Wolf recovery

The Iberian Wolf Recovery Centre is a well-established sanctuary that has been sheltering and promoting rare Iberian wolves for a quarter of a century. They may lose the lease on the land they’ve been using for years, which would mean they’d not only have to find a new spot but it would be very difficult to move the wolves as well. 

They’ve made only $43,716 of the $250,000 they need to buy the land outright so they can be a permanent settlement, and they only have until Friday, September 28 to get the rest! Can you help, whether with a donation or a signal boost or both?

The 5th Red wolf has been killed! Federal officials at the Red Wolf Recovery Program request the public’s assistance regarding latest red wolf killing. The reward for information has increased to $26,000 - [x]

Nearly 10% of Red wolves living in the wild have been killed by poachers this year, putting the species on the fast track to extinction. Please sign and share Center for Biological Diversity ’s petition and urge an end to these crimes: [x

15 years ago, Mexican gray wolves (Canis lupus baileyi) returned to the wild landscape of the southwest. This significant milestone for the lobo and wildlife conservation at the Grand Canyon Wolf Recovery Project's Big Lake Paseo Del Lobo Campout will be celebrated on July 19 - 21 in the White Mountains of Arizona. Come too! More info here

Picture by Wolf Conservation Center

Via Wolf Conservation Center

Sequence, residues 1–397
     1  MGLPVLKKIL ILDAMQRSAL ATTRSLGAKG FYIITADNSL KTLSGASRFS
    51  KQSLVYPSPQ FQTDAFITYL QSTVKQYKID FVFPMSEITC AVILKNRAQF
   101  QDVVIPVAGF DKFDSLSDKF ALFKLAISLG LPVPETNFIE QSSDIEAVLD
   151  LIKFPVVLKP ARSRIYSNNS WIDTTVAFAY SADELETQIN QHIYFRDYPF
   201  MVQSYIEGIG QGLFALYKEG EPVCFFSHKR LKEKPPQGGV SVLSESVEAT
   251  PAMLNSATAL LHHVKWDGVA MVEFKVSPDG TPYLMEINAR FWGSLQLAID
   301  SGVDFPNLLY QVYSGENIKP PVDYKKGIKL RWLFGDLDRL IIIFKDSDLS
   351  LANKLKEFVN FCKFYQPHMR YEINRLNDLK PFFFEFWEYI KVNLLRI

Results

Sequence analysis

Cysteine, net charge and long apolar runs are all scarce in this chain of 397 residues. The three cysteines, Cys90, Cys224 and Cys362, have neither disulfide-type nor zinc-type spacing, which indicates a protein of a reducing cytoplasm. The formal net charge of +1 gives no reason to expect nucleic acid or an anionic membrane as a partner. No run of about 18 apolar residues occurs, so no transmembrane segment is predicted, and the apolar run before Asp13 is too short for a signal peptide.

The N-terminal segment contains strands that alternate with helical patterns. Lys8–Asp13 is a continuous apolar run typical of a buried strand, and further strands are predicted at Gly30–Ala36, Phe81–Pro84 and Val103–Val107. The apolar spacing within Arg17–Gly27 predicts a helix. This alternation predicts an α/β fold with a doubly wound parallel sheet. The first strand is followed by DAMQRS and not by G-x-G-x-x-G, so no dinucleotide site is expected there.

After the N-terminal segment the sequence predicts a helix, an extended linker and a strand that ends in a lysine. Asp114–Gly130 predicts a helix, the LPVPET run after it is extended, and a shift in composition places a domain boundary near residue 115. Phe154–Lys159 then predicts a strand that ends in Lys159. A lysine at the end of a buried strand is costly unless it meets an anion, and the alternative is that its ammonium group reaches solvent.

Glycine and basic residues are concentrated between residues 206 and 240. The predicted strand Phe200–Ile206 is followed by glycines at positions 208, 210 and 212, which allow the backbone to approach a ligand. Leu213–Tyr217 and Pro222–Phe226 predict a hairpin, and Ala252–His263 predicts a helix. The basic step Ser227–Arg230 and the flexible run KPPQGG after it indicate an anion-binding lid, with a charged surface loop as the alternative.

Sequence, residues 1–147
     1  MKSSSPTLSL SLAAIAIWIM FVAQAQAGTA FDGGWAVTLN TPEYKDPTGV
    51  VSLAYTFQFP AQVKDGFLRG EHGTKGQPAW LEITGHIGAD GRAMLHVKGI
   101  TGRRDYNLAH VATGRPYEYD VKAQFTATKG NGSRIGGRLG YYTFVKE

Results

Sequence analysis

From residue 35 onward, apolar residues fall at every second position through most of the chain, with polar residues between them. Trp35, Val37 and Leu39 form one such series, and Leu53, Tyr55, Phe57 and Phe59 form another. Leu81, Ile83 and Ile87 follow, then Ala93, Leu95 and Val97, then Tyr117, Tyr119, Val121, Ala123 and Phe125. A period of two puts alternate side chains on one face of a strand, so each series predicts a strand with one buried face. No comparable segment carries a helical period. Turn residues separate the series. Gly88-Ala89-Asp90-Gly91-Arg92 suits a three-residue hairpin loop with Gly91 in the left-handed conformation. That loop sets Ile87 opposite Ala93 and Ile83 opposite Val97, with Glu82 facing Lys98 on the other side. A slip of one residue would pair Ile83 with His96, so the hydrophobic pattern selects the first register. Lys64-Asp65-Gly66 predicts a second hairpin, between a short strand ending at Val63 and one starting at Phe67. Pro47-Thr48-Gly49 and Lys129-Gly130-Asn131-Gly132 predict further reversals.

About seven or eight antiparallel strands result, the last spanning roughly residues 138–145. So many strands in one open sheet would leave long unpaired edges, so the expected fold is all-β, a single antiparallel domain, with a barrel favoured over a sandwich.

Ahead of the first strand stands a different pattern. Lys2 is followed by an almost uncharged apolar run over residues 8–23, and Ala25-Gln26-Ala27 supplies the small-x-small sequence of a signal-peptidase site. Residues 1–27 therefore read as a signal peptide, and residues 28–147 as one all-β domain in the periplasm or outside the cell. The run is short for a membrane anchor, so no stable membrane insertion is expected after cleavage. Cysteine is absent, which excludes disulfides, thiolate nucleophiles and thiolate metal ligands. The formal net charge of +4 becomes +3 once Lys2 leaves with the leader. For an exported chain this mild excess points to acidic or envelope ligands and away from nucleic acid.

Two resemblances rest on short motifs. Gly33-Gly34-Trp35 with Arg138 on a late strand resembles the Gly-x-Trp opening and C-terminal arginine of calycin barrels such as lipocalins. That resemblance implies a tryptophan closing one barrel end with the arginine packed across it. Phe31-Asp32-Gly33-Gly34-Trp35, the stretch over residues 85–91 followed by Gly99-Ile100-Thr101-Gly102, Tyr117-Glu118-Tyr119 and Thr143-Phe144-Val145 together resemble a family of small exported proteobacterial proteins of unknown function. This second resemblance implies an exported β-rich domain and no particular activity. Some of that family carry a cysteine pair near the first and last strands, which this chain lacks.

BREAKING - Howls of thanks to 50 world-renowned wildlife biologists and scientists who sent a letter to Congress today urging members to oppose any efforts to strip federal protections for wolves in the contiguous 48 states.

Many of these wildlife biologists and scientists of have devoted their entire professional careers toward understanding the social and biological issues surrounding wolves in North America.   

From the article:
"Lawmakers should respond to common sense, sound economics, and robust science. We’ve had enough of fairy tales and fabrications and trumped up public safety charges against wolves. The reality is, they are hugely important in restoring the health of ecosystems and increasing the diversity of species. Wolves have their place, and with only about 5,000 of them in the lower 48 states, they should continue to receive federal protection."

In addition to considering the gray wolf’s historical numbers and range, I think it is also important to note that within many areas, wolves are likely far below their carrying capacity in the environment. For instance, Idaho has an elk population of 107,000 or more, and according to the USFWS 2013 annual report, (which is likely skewed and overestimated due to factors such as the use of an outdated algorithm [1] [2]), there are an estimated 600 wolves in Idaho. Yet, given the environment and resources, the prey population is almost indefinitely sustainable for the gray wolf population at their current numbers. Also, Idaho Fish & Game’s estimate for the population may be overestimated simply due to the fact that the agency’s implications seem to show that they want to meet the requirements of the wolf population’s minimum recovery goal in order to maintain state control over the population, regardless of the biological circumstances.